AASHTO Journal

California Fuel Tax Repeal Measure Qualifies for November Ballot

A measure to repeal increases made to California's fuel taxes in 2017 qualified to be placed on the Golden State's November election ballot, meaning voters not only get to decide whether to keep or repeal the tax but also whether or not to require voter approval for any future increases to fuel taxes or road-related fees.

The fuel tax roll-back measure, which garnered 585,407 valid signatures and qualified on June 25 to be added to the Nov. 6 ballot, would remove a 12 cent-per-gallon increase in the Golden State's gasoline excise tax as well as a 20 cent-per-gallon increase in the excise tax on diesel fuel. Vehicle registration fee increases implemented in January of this year would also be repealed, according to the San Francisco Chronicle newspaper; increases that raised registration costs by $25 to $175, depending on the value of the vehicle.

The Give Voters a Voice advocacy group launched this repeal effort last year after California Gov. Jerry Brown signed legislation known as Senate Bill 1 or "SB 1" that implemented the hikes in fuel taxes and vehicle registration fees, which are ostensibly aimed at generating more funds for road maintenance and construction needs.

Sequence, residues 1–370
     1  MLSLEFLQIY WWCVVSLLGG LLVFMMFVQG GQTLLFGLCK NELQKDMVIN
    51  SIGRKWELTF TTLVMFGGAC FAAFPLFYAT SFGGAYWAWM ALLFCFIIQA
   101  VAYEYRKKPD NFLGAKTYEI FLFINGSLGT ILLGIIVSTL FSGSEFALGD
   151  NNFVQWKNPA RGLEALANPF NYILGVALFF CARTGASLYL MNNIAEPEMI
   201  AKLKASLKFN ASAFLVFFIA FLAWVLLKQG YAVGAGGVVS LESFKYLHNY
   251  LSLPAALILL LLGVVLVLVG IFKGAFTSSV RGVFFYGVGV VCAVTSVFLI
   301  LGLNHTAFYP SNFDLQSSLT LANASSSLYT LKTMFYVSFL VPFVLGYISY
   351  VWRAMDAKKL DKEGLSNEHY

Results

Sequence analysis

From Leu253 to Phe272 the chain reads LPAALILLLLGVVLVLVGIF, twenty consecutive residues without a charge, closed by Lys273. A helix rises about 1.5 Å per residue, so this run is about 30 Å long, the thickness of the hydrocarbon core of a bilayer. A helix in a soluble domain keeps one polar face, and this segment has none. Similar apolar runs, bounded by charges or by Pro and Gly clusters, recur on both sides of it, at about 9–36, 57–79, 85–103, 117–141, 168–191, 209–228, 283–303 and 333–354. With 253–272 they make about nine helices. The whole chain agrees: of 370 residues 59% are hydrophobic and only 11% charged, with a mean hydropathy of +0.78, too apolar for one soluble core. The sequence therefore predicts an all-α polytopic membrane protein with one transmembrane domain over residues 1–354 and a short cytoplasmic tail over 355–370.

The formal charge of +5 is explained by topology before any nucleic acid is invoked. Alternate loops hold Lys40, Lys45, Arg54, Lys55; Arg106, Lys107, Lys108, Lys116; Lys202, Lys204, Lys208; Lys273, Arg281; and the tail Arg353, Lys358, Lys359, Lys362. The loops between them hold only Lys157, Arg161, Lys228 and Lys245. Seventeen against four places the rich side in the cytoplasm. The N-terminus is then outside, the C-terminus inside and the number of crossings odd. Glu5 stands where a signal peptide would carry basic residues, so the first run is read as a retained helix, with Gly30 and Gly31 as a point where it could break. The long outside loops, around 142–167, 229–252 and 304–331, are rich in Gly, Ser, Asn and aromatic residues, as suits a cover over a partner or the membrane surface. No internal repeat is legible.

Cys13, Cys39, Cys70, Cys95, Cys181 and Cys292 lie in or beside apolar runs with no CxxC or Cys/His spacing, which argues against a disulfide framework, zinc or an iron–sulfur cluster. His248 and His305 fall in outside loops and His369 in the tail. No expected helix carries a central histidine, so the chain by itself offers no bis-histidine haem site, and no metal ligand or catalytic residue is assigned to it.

​To date, the California Transportation Commission has allocated $9.2 billion for transportation projects throughout the Golden State as a result of SB 1.

Yet the hikes in taxes and fees remains unpopular. According to a survey conducted in May by the University of Southern California and the L.A. Times newspaper, 51 percent of those voters polled favored the repeal initiative, while only 38 percent supported keeping the higher taxes and fees in place.

Questions regarding this article may be directed to editor@aashtojournal.org.

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